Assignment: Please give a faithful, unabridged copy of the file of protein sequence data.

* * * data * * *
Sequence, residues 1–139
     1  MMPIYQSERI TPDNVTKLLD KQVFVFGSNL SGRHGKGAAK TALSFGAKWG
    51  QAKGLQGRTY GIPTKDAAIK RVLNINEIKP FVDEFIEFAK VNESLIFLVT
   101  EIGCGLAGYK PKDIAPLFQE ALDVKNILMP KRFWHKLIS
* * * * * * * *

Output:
Sequence, residues 1–139
     1  MMPIYQSERI TPDNVTKLLD KQVFVFGSNL SGRHGKGAAK TALSFGAKWG
    51  QAKGLQGRTY GIPTKDAAIK RVLNINEIKP FVDEFIEFAK VNESLIFLVT
   101  EIGCGLAGYK PKDIAPLFQE ALDVKNILMP KRFWHKLIS